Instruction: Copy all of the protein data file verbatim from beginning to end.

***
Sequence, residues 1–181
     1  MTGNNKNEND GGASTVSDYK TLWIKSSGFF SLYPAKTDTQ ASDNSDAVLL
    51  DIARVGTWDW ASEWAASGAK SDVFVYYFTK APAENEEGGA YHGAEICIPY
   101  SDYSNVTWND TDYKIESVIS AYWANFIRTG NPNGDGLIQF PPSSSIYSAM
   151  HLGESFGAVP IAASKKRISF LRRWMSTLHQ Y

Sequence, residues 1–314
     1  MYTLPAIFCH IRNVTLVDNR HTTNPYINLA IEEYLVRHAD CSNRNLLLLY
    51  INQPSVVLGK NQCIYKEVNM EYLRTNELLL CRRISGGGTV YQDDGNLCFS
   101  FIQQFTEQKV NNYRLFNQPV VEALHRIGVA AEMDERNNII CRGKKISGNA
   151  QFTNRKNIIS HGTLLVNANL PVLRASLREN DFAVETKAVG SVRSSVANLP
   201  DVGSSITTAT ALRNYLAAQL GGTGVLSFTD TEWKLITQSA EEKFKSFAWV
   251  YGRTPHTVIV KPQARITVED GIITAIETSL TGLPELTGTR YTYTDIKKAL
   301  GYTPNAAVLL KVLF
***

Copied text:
Sequence, residues 1–181
     1  MTGNNKNEND GGASTVSDYK TLWIKSSGFF SLYPAKTDTQ ASDNSDAVLL
    51  DIARVGTWDW ASEWAASGAK SDVFVYYFTK APAENEEGGA YHGAEICIPY
   101  SDYSNVTWND TDYKIESVIS AYWANFIRTG NPNGDGLIQF PPSSSIYSAM
   151  HLGESFGAVP IAASKKRISF LRRWMSTLHQ Y

Sequence, residues 1–314
     1  MYTLPAIFCH IRNVTLVDNR HTTNPYINLA IEEYLVRHAD CSNRNLLLLY
    51  INQPSVVLGK NQCIYKEVNM EYLRTNELLL CRRISGGGTV YQDDGNLCFS
   101  FIQQFTEQKV NNYRLFNQPV VEALHRIGVA AEMDERNNII CRGKKISGNA
   151  QFTNRKNIIS HGTLLVNANL PVLRASLREN DFAVETKAVG SVRSSVANLP
   201  DVGSSITTAT ALRNYLAAQL GGTGVLSFTD TEWKLITQSA EEKFKSFAWV
   251  YGRTPHTVIV KPQARITVED GIITAIETSL TGLPELTGTR YTYTDIKKAL
   301  GYTPNAAVLL KVLF